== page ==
From: IGN.com article
The previous volume of Invincible Iron Man started out as one of the most promising pieces of the the All-New, All-Different Marvel relaunch last year, but the series quickly lost its way after its first story arc. Maybe it didn’t need a full-fledged relaunch and status quo change to get back on track, but clearly something needed to be done to move the series out of the rut it’s been in for most of 2016. This new series looks as though it’ll do the trick.
If you haven’t heard by now, the big selling point of the new Invincible Iron Man is that it features teen genius Riri Williams, rather than Tony Stark, in the lead role. The series picks up in the aftermath of Civil War II, with Tony’s fate uncertain and Riri eager to prove herself as the new Iron Man. That element of the book is fine, but it plays pretty much like any other “teen superhero on their first solo mission” adventure you’ve seen. If that’s all this issue had to offer, the new series might be on shaky ground starting off.
Luckily, that’s not the case. Bendis devotes a good portion of this issue to exploring Riri’s origin story, as it were. While she appeared in several chapters of the previous series, readers were never given much insight into her background and family life. Here, Bendis visits Riri at several key points in her childhood, exploring the difficulties she faced as an exceptionally gifted young girl in a world of boring, ordinary people. As these flashbacks unfold, she struggles with the need to make friends, her occasionally overbearing parents and the tragedy that will come to define her as a teenage heroine. It makes for a strong character study, and it’s clear Bendis has put a lot of thought into his new character and what sets her apart from the rest of Marvel’s teen heroes. And if readers weren’t sold on Riri yet, this issue might change their minds.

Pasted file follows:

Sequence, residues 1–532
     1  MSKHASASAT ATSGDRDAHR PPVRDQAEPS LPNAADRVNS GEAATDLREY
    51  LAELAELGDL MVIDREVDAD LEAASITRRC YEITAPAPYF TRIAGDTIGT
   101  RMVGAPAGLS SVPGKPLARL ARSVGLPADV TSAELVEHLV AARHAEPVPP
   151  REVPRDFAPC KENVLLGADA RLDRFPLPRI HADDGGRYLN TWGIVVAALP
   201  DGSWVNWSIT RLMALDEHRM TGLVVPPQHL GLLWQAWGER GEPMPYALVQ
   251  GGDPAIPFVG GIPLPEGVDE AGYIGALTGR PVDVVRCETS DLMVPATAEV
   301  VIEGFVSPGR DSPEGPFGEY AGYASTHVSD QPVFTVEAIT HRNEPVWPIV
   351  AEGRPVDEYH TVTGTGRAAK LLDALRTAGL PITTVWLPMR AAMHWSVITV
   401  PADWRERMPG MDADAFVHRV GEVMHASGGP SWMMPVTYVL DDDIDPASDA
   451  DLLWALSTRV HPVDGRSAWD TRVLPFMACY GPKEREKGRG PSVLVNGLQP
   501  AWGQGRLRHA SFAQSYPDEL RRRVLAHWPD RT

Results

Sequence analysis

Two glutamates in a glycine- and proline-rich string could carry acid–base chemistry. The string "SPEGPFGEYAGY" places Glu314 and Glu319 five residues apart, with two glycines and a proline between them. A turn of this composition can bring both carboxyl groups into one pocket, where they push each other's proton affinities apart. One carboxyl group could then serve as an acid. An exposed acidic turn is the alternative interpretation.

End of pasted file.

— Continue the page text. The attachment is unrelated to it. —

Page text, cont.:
The previous volume’s storytelling woes were largely visual, as the shift from David Marquez’s bright, expressive style to Mike Deodato’s stiff, gloomy work was a hard pill to swallow. New artist Stefano Caselli brings the series much more in line with the Marquez issues. Caselli is nearly as gifted as Marquez when it comes to depicting vibrant figures with wide emotional range. Whether Riri is shown tinkering in her garage or relishing her time inside her suit, Caselli’s facial work is always a delight. That, plus his talent for crafting dynamic action scenes makes him an ideal fit for the book.
The coloring does leave a bit to be desired, and that’s the one area where the new series doesn’t quite measure up to those early Marquez/Justin Ponsor issues. Marte Gracia’s colors feel a bit unnatural, with too much contrast between light and dark areas and an overly smooth, artificial quality to many faces. In general, Gracia doesn’t seem to complement Caselli’s work as well as someone like Sunny Gho.